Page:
G4 histidine-maltose PPI dendrimers can protect memory in vivo. Memory performance in the V-maze shows significant improvement after preventive treatment with histidine-maltose PPI dendrimers. Treatment procedure: at the age of 3 months, animals were randomly divided into four groups; two groups control and APP/PS1 mice were given intranasally 5 μL of PBS, and two groups received intranasally 5 μg/day of G4 histidine-maltose PPI dendrimers (dendrimers). Treatment lasted 3 months until animals reached the age of 6 months when APP/PS1 mice display cognitive impairment [52]. Statistics: two-way ANOVA with genotype and treatment as between factors followed by Tukey’s post hoc test; data are expressed as mean ± SEM (adapted with permission from [22]).

To understand a possible mechanism behind the memory rescue, the levels of pre- and postsynaptic markers in the brain of treated APP/PS1 mice were evaluated by Western blotting. Pre- and postsynaptic markers, such as drebrin and synaptophysin, play a crucial role in the synaptic plasticity and are downregulated in AD [53, 54]. Loss of synaptophysin correlates with cognitive impairments in AD patients and AD transgenic models [54, 55]; Psd95 knockout animals have impaired basal synaptic transmission and learning deficit [56]; transgenic animals lacking synaptophysin have reduced novel object recognition [57]. Importantly, it has been shown that loss of synaptophysin immunoreactivity precedes amyloid plaque formation [58, 59]. Preventive treatment of AD transgenic mice with G4 histidine-maltose PPI dendrimers prevented a decrease in synaptic proteins compared to PBS-treated mice [22].

In contrast, G4 histidine-maltose PPI dendrimers did not change the level of these synaptic proteins in WT mice, indicating that, most likely, the level of their mRNA expression was not affected [22]. Thus it is reasonable to think that the increased levels of pre- and postsynaptic proteins are more likely an effect of reduced synaptic loss in the treated AD transgenic animals (Figure 8). Thus a possible mechanism of memory protection in APP/PS1 could be the synapses were shielded by the dendrimers from toxic Aβ oligomers or the toxicity of Aβ oligomers were inactivated in the presence of the dendrimers.

Figure 8.

G4 histidine-maltose PPI dendrimers protect synapses in vivo. (A) Synapse is a junction between two neurons, which consist of pre- and postsynaptic terminals characterized by specific pre- and postsynaptic proteins. Synaptophysin was used to assess presynapse, while drebrin was used to evaluate postsynapse. Brain tissue homogenates of control mice and mice treated with G4 histidine-maltose PPI dendrimers (dendrimers) were analyzed using Western blotting; β-actin was used for protein normalization. Statistics: Student’s t-test (N is the number of animals per group, Western blotting was done in triplicate). Data are expressed as mean ± SD.


4. Conclusions and perspectives

Dendrimers, which represent a type of 3D polymers, have been in the spotlight for three decades in biomedical and pharmaceutical research, and their chemistry and synthesis are continuously progressing by efforts from many research groups and companies. Although there are still many unclear problems in AD, in this chapter, functionalization of dendrimers dedicated to the prevention of memory decline in AD pathogenesis has been discussed. Based on the reviewed literature, PPI dendrimers have been shown to be useful in the way of the surface functionalization, which tuned their biochemical properties. Strikingly, the effect of the surface functionalization with histidine and maltose magnified exponentially neuroprotective properties of PPI dendrimers, resulting in an unprecedented outcome, such as memory protection in AD transgenic animals.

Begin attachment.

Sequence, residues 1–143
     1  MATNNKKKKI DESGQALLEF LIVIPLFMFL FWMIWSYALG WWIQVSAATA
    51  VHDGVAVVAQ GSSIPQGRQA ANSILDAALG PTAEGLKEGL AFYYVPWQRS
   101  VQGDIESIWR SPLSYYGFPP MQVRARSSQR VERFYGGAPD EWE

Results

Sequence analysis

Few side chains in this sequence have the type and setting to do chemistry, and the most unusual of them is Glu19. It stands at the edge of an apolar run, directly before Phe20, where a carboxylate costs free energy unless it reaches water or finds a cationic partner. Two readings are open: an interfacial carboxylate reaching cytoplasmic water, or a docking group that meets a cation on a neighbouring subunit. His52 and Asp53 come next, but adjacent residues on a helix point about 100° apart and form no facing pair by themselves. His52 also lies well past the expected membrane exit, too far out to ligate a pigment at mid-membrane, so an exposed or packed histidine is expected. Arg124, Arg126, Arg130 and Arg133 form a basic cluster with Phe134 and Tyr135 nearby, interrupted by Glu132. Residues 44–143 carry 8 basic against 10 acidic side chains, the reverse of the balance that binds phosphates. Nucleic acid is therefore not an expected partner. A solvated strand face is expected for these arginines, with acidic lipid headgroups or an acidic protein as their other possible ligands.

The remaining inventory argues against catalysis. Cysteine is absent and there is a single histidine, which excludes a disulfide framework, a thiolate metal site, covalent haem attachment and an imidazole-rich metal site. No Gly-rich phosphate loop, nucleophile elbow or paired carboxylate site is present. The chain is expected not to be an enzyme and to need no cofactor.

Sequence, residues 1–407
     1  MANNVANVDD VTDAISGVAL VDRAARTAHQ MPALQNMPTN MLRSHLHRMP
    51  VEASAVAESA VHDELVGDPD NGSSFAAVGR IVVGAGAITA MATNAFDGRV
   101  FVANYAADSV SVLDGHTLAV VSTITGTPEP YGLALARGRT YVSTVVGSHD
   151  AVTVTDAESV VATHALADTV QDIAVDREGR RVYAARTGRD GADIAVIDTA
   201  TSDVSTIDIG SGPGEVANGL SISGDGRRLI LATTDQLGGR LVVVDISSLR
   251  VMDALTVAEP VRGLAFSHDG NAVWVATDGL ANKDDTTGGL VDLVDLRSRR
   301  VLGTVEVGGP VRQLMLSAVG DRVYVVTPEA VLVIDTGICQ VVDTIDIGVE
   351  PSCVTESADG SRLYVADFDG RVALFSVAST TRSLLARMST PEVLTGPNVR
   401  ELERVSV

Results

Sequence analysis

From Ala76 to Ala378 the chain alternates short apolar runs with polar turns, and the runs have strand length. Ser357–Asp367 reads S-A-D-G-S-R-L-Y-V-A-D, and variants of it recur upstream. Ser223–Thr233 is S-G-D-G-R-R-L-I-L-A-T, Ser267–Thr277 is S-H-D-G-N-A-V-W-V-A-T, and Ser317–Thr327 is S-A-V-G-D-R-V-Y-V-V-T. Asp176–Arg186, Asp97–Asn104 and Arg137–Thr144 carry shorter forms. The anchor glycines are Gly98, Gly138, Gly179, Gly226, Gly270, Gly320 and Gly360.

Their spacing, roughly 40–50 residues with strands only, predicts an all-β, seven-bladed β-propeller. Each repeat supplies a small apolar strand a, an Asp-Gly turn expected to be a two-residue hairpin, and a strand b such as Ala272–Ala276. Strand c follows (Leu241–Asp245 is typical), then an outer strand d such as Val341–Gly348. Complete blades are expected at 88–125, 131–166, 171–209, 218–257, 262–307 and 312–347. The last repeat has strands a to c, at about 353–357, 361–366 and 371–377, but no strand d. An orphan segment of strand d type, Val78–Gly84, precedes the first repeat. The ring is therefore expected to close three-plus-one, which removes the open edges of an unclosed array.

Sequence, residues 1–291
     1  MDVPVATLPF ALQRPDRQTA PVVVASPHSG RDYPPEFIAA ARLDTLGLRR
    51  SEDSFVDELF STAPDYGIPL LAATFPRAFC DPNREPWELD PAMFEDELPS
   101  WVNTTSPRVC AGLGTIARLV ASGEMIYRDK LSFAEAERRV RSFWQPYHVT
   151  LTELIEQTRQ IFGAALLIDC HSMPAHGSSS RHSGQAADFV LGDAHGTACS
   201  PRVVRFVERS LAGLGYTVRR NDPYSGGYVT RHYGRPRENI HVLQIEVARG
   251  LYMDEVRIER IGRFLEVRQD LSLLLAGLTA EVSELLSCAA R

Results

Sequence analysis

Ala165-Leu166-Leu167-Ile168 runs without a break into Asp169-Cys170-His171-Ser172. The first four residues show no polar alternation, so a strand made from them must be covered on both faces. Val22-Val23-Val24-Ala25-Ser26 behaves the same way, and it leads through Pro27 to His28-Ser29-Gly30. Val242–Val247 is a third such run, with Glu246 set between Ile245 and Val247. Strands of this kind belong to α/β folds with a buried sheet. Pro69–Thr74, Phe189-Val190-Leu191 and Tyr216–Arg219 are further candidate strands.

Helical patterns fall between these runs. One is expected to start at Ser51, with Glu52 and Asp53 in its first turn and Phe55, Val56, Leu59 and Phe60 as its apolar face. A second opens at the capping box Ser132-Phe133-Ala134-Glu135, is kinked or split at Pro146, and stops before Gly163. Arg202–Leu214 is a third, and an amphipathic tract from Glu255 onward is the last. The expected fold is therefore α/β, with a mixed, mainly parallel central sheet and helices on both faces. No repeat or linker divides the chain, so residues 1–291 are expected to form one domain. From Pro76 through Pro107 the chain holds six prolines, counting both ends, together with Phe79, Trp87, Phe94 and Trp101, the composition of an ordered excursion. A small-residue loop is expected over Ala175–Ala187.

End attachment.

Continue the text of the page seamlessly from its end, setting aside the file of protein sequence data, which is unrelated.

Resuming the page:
In this chapter, I have analyzed the functionalization of PPI dendrimers, which tuned the intrinsic properties of PPI dendrimers and converted them into a multifunctional drug candidate against Alzheimer’s disease. Modification of the dendrimer surface with maltose allowed dendrimers successfully to interfere with Aβ(1–42) by forming nontoxic hybrid glycofibrils. Modification of the dendrimer surface with histidine improved the ability of the dendrimers to cross the blood–brain barrier and resulted in synaptic protection. By reducing the level of soluble amyloid oligomers, on the one hand, and conferring synapse protection, on the other hand, the dendrimers were given multifunctionality against main features of AD, synaptic loss, and aggregation of Aβ. These observations, coming out of the studies on the interaction of dendrimers with amyloid peptides [18, 22, 28, 3242], carried out in vitro and in vivo, point toward a possible use of dendrimers (in particular functionalization of PPI dendrimers with histidine and maltose) as a multifunctional drug candidate against Alzheimer’s disease.

However, to find a successful drug against AD, other modifications of histidine-maltose PPI dendrimers might be required. For example, the ability to cross the blood-brain barrier, cell wall penetration, distribution in the specific tissue, and biodegradation could be tuned for a particular dendrimer application.



I acknowledge Dr. Dietmar Appelhans (Leibniz Institute of Polymer Research Dresden, Dresden, Germany) for the generation of histidine-maltose PPI dendrimers, collaboration, and valuable discussions.

The work is supported by MultiPark (Lund University), Vinnova, Swedish Research Council grants.



I thank Dr. Stefan Broselid for fruitful discussions and editorial help.


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Written By

Oxana Klementieva

Submitted: April 27th, 2019 Reviewed: August 1st, 2019 Published: September 9th, 2019